Revisiting 2020: Our 50 Most Popular Posts of the Year

 

 

Dear As It Ought To Be Readers,

 

Despite everything 2020 threw at us, AIOTB Magazine was fortunate to receive so many brilliant poems, essays, interviews, and book reviews from writers around the world. Below, I have assembled the 50 most popular posts of the year based on the amount of hits they received. I know that few people will look back at 2020 with fondness, but maybe reviewing these posts from the year is a reminder of the resilience people have to continue to create in a crisis, and to channel the anxiety of the world into writing that connects us.

AIOTB Magazine was perhaps the only constant I had in 2020 that began and ended the year exactly the same, and completely intact. I have all of you contributors and readers to thank for that. Thanks for keeping me sane and connected to a community of writers when I most needed stability, creativity, and human connection in my life.

I have no idea what 2021 will look like, but if you keep reading and supporting each other’s work, you’ll at least have three new pieces a week on AIOTB Magazine to count on.

 

-Chase Dimock
Managing Editor

 

Poetry

Omobolanle Alashe:

Jason Baldinger:

Rusty Barnes:

Jean Biegun:

Victor Clevenger:

John Dorsey:

Ajah Henry Ekene:

Loisa Fenichell:

Jeff Hardin:

John Haugh:

Mike James:

Jennifer R. Lloyd:

John Macker:

Tessah Melamed:

THE NU PROFIT$ OF P/O/E/T/I/C DI$CHORD:

Hilary Otto:

Dan Overgaard:

Rob Plath:

Daniel Romo:

Diana Rosen:

Damian Rucci:

Leslie M. Rupracht:

Anna Saunders:

Sheila Saunders:

Alan Semerdjian:

Delora Sales Simbajon:

Nathanael Stolte:

Timothy Tarkelly

William Taylor Jr.:

Bunkong Tuon:

Peggy Turnbull:

Brian Chander Wiora:

 

 

Reviews

Chase Dimock:

Mike James:

Arthur Hoyle:

 

 

Interviews

Chase Dimock:

 

Nonfiction

Brian Connor:

Cody Sexton:

 

 

Micro Fiction

Meg Pokrass:

Bryan D. Price: “Progress”

 

 

Progress

I like to imagine that from out of the blue
people from my past will come over to our house
and I will be sweeping the floor as barefoot as a nymph
and everything will be turned right side up in the yard
and I will be all sober—listening to “How I Wrote
Elastic Man” and in the backyard the tomatoes
will not be wasting on the bush and we will walk and talk
about straight things like the curry plant Claire put
next to the sage that turned out to be a fraud
and they will be impressed with all my progress

 

 

About the Author: Bryan D. Price‘s poetry has appeared or is forthcoming in Posit, the UCity Review, Diagram, and others. He lives in San Diego with his wife, a dog, and a cat named after Pina Bausch.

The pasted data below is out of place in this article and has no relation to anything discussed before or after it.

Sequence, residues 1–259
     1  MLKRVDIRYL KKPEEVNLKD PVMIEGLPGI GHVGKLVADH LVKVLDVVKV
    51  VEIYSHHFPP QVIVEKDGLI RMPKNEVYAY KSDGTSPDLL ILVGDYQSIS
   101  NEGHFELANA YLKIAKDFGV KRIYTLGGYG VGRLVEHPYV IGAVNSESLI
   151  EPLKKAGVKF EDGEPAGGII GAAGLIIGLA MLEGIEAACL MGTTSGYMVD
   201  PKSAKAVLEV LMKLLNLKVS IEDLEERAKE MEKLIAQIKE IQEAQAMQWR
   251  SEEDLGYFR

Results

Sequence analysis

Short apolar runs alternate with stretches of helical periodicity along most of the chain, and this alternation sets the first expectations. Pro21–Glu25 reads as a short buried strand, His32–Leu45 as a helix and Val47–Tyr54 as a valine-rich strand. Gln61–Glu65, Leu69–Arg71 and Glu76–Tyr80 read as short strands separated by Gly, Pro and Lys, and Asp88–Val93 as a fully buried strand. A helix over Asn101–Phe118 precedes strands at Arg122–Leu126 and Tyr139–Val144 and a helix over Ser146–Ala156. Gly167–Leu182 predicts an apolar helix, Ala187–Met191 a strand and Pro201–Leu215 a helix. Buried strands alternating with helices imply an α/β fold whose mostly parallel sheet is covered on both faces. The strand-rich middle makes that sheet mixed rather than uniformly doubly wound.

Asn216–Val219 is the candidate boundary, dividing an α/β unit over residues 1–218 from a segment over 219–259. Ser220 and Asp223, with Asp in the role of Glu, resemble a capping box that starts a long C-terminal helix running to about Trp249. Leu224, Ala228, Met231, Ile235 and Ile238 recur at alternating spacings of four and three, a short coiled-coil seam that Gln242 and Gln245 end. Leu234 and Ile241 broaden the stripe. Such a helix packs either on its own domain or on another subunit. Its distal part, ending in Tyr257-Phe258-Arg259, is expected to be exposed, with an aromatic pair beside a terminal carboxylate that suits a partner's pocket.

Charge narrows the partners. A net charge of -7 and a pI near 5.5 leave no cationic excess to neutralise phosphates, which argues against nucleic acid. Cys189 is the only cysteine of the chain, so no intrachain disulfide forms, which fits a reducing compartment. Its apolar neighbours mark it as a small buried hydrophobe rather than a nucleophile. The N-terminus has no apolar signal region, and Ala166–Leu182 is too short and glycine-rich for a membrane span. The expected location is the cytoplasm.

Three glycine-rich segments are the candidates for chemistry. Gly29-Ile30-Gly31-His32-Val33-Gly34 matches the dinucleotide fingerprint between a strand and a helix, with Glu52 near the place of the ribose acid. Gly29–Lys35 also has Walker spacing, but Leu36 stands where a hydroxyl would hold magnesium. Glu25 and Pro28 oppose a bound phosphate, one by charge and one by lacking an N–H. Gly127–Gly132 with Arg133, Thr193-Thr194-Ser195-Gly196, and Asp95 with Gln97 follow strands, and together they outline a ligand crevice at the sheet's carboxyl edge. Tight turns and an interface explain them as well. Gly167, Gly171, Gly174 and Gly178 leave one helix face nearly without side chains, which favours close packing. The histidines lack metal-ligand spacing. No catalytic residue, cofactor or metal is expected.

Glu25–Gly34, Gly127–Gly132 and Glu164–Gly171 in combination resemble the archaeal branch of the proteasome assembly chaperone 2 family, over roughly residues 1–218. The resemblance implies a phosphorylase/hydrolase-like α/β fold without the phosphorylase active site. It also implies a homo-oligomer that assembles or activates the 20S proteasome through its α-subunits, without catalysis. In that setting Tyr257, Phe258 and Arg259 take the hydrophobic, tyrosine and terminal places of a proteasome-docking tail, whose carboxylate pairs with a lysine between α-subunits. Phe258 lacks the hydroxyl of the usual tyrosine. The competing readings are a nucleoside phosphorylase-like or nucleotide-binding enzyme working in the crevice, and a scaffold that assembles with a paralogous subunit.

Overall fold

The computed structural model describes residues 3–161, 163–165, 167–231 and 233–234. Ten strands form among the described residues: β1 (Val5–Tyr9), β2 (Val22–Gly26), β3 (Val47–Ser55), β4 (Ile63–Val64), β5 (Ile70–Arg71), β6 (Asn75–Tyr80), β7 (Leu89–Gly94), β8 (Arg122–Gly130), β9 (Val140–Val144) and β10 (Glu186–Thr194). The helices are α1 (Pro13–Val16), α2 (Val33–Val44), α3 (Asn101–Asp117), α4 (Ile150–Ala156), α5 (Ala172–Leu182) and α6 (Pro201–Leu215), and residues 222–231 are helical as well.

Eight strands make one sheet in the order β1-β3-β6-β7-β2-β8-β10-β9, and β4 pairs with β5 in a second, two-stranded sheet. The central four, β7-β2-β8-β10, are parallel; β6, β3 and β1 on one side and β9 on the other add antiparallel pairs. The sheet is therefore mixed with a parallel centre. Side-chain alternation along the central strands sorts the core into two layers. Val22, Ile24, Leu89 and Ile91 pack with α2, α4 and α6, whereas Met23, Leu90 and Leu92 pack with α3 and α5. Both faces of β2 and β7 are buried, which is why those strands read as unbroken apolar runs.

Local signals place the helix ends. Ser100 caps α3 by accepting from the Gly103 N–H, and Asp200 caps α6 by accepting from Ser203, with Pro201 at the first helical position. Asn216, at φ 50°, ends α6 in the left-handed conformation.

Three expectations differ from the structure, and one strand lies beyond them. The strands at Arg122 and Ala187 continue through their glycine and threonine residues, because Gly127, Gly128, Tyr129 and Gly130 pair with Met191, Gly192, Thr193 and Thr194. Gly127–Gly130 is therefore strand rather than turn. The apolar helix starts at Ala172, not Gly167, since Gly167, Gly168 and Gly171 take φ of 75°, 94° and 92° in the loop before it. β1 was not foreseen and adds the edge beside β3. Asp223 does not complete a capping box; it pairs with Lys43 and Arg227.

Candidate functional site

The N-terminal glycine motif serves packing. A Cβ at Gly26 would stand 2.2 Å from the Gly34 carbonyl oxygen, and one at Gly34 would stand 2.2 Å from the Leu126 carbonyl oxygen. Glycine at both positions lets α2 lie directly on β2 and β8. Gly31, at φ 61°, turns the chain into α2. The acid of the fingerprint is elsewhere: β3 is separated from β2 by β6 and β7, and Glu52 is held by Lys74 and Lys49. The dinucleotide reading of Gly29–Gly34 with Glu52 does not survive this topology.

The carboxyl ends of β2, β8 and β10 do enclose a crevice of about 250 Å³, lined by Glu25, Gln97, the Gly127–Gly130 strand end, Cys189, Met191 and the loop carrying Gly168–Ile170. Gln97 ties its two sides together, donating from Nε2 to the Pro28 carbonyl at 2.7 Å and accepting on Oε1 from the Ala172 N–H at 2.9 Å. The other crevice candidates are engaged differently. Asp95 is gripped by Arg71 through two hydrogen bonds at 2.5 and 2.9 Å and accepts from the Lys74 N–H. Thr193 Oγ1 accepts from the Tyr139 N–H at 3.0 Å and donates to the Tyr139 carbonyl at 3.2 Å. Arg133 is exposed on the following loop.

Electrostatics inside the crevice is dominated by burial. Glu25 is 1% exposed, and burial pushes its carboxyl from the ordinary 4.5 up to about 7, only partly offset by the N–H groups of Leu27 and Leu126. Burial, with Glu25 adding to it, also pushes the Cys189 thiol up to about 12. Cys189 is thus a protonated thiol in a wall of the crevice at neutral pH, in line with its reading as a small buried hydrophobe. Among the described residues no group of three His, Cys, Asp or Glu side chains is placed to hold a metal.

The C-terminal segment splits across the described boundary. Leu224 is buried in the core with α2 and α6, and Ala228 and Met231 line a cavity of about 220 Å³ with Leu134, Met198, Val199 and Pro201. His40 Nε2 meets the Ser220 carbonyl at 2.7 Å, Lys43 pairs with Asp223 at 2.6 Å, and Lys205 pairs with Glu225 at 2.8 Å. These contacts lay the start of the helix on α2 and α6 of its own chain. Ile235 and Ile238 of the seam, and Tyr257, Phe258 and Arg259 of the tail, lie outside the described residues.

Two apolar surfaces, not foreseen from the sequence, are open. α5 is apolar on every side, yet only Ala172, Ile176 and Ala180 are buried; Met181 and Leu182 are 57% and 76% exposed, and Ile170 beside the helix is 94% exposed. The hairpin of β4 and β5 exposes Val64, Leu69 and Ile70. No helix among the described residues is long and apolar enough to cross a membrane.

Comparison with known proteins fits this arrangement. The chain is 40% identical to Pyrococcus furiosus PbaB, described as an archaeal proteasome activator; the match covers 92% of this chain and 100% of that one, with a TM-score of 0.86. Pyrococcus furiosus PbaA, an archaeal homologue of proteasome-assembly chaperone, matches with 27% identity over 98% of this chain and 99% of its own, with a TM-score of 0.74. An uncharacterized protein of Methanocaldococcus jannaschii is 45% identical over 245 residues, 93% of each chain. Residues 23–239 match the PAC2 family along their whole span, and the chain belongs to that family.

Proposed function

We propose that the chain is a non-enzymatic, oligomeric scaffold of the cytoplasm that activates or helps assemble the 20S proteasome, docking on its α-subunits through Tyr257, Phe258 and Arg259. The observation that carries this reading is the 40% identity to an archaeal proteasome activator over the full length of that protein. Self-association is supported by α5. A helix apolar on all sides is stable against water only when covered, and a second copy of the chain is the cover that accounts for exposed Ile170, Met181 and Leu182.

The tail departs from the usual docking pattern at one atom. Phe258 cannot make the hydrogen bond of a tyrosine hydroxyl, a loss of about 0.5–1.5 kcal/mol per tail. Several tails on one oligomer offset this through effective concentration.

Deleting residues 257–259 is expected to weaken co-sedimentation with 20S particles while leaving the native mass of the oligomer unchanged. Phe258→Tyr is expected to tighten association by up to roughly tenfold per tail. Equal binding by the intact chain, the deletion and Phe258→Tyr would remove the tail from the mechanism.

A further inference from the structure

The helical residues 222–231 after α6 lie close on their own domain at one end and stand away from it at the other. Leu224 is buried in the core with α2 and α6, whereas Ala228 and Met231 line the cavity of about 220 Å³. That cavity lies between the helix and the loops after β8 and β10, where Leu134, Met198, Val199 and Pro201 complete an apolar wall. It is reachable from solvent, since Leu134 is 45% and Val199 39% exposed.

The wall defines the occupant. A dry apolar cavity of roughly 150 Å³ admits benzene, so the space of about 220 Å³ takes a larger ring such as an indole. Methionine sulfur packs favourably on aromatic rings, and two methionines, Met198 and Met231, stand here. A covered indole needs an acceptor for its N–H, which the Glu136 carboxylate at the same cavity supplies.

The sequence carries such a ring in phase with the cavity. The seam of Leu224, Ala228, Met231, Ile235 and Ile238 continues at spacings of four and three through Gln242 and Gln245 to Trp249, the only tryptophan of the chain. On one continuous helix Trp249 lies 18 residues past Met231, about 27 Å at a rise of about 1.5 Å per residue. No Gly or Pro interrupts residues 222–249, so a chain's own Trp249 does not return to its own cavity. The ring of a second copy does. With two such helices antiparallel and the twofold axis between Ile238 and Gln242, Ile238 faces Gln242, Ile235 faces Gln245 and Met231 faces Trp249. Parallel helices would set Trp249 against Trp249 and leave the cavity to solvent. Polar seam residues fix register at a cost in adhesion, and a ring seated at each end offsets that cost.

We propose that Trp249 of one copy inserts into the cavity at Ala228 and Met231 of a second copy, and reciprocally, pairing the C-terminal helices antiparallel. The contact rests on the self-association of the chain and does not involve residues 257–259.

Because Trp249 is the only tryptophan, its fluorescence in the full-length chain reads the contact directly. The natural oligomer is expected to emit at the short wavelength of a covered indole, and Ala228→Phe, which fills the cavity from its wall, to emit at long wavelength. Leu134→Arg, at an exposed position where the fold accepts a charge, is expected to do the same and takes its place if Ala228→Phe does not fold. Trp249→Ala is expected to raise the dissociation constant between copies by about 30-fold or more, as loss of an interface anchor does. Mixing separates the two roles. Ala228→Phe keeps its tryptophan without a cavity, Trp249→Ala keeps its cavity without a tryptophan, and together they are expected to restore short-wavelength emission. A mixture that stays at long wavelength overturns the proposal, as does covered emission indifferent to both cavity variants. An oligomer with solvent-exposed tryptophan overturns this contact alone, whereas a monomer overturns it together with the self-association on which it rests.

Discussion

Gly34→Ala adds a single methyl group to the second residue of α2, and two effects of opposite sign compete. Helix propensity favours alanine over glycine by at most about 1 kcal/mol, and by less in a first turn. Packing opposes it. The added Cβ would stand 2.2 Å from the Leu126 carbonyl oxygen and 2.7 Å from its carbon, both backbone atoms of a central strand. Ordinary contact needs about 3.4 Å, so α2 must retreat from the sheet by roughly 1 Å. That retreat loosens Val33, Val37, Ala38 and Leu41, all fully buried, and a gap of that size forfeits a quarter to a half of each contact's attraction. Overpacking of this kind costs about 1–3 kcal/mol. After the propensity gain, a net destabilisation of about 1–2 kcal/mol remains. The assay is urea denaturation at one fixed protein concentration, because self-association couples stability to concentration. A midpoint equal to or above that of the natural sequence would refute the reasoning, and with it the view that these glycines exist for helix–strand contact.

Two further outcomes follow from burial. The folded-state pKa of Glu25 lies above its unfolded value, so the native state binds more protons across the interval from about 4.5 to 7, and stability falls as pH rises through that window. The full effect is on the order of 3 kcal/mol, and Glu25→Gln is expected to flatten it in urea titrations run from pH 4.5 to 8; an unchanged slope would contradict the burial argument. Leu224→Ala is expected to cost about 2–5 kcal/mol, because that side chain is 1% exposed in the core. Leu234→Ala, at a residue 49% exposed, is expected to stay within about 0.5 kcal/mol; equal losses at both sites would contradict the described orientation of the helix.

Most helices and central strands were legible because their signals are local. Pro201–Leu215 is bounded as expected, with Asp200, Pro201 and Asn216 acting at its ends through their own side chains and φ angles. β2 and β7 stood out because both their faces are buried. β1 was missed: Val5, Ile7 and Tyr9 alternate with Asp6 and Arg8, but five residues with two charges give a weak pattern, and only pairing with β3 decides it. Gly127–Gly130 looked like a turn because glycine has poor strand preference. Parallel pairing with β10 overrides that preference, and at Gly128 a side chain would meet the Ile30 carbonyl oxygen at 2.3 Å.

Image Credit: Chase Dimock “Rosebud Opening” (2020)

M.P. Powers: “A Room Forever”

 

 

A Room Forever     

Lying in an almost palpable silence,
the only thing he can hear is the blood
pulsing softly round his ears and the thin
noise that roused him from his sleep,

a noise like a lever-shaped door handle
turning, or an overturned automobile
on a pre-dawn highway, its wheels
spinning like silk. He rolls over on his side,

faces the empty wall. He can almost hear
the furniture breathing. He can almost feel
ghosts passing through him. He’s been
awake in this room for years, for years,

his mind charged with electricity,
something inside him reaching out of him
every night, anxious to become a sleeping lion,
a tree on a mountainside, a falling leaf.

He lay there listening as the coral-pink

light of dawn bleeds through
the underside of the curtains.

 

 

About the Author: M.P. Powers lives with one foot in Berlin, Germany, and the other in South Florida, where he rents out construction equipment. He is the editor of 11 Mag Berlin, and has been published recently in Red Fez, Chiron Review, Slipstream, Neuro Logical and others. His blog can be found here: https://mppowers.wordpress.com/ 

 

Image Credit: William H. Mumler “Unidentified man with a long beard seated with three “spirits” (1862) Digital image courtesy of the Getty’s Open Content Program.

Jason Baldinger: “Kings Bridge Armory May 6 1919”

 

 

Kings Bridge Armory May 6 1919

we were so bloody tired
we could barely conjure emotion
the soldiers would pass
silver trays, ashen faces
we were machines
spooning food
little talk

visions of the dead
reflect in their eyes
light of their souls
barely strobe
perhaps this is all
perhaps this is all that’s left

he wasn’t gone
little more light
if only a little
the look on his face
maybe a crumbled smile

a red rose in the button
of his pocket. I, shocked
alive for a moment
some color in drab time
very possible I blush
suddenly exposed
suddenly acutely aware
of feeling once again
as if I forgot
we were human
for a second

this still life

my eyes drawn to color
his voice recognizes, gaunt